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JACKETS ELUDE LOVE, NORMAN

Both share a burning desire to win a Masters Tournament. Playing together in a twosome, both mounted final-round charges that earned them a share of the lead with two holes to play.

But once again, Davis Love III and Greg Norman will have to wait until next year before they size themselves for a green jacket.Love, who did not qualify for the Masters until winning last week's Freeport-McMoRan Classic in New Orleans, turned in the lowest score during Sunday's final round, a 6-under 66. Norman closed with his third consecutive 68. But Ben Crenshaw, a co-leader after 54 holes, birdied two of his last three holes to edge Love (13 under) by one stroke and Norman (11 under) by three.

Love's score was the best by a non-winner in Masters history. More important to him, it marked his first top-10 finish in a major championship.

"I let a few putts get away from me that are disappointing, but that was the best ball-striking round that I've had in a major," Love said. "I'm happy with that. The first time I really had a chance to win a major, I held in there pretty good. I'm glad I won't have to answer any more questions about why I've never had a top-10 in a major."

Love sank seven birdie putts but missed out on a playoff because of a three-putt bogey at the par-3 16th hole. Norman, who lost in dramatic fashion at the Masters in 1986 and 1987, expressed no regrets about his play Sunday.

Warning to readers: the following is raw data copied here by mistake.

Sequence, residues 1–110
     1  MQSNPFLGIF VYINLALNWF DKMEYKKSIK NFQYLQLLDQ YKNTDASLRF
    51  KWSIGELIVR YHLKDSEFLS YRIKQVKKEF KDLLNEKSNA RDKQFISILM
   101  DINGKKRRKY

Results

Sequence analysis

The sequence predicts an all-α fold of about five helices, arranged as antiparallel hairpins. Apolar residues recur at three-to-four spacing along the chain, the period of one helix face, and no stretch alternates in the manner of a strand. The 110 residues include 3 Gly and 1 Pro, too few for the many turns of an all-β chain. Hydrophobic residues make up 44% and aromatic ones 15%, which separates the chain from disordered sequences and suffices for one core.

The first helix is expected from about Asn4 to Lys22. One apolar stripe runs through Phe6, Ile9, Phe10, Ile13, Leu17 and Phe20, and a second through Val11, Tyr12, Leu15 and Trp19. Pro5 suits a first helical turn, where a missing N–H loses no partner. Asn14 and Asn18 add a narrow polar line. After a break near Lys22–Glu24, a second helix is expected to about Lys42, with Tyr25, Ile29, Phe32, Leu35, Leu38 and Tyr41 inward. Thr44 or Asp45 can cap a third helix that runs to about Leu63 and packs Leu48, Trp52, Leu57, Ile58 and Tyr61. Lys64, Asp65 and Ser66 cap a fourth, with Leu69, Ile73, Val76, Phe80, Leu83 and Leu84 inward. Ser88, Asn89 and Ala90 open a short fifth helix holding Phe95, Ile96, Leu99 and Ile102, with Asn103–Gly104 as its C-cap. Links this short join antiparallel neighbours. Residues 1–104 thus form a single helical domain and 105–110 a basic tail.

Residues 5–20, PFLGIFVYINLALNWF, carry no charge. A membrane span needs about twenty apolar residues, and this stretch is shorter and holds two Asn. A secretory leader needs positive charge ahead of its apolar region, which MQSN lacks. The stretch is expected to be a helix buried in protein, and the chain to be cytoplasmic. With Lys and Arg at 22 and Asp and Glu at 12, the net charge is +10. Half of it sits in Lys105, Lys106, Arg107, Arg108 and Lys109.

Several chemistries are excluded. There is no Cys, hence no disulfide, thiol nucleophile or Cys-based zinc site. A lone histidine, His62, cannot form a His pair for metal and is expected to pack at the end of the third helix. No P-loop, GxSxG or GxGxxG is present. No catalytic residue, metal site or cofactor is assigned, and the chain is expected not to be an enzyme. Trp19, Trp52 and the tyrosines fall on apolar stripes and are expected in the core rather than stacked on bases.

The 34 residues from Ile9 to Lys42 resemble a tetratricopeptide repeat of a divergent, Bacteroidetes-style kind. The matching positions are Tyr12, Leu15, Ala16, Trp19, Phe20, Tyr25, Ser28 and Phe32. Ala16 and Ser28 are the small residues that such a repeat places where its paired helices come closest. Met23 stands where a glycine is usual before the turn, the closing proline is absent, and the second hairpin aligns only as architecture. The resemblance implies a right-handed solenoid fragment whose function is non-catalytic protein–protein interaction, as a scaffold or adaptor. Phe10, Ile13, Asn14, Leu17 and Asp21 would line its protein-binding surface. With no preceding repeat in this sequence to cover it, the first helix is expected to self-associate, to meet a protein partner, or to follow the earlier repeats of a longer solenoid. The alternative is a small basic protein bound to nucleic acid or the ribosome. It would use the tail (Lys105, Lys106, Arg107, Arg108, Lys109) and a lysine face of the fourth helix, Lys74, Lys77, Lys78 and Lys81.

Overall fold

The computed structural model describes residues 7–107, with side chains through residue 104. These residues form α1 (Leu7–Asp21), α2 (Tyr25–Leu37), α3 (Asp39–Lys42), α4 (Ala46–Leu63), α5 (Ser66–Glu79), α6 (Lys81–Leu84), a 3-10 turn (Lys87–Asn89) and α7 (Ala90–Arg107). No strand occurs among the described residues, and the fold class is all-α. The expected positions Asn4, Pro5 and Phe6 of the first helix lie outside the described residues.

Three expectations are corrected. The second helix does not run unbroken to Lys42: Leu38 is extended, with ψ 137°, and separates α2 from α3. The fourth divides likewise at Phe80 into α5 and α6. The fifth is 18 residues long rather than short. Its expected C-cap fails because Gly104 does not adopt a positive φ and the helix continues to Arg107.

His only mistake, Norman said, was a pulled approach at No.17 that resulted in a three-putt bogey. Otherwise . . .

"I played exceptional golf the last three days. I just didn't win it," Norman said. "I'm disappointed but I can hold my chin up high."

Norman said his 10-foot eagle putt at No.15, which burned the left lip, "will stick with me for a while. I thought it was in the center of the hole and it decided to stay out."

But all in all, Norman said, "I lost because somebody else played better."

Love second-guessed himself about missing a 7-iron approach at No. 13 that cost him a chance at birdie. He also lamented his three-putt from 40 feet at No. 16. But he considered his experience more positive than negative, particularly because he lost to close friend Ben Crenshaw.

"I won't leave here feeling like I played as good as I can play, but at least I know I can compete with Greg Norman and Ben Crenshaw and those guys," said Love, 30. "If I had gotten beat by another player, I would be more disappointed. But since it was Ben ... You know, what he did for me probably gave me a chance to play well in the tournament."

It was Crenshaw who phoned Love on Tuesday night and convinced him to stay and practice in Augusta rather than joining him at Wednesday's funeral for Harvey Penick.

"I think Harvey and Davis' dad (a Penick pupil who died in a 1988 plane crash) would have wanted it that way," Crenshaw said. "Davis is fabulous. He's so loaded with talent. He's going to win many coats here."

Just not the one handed out yesterday.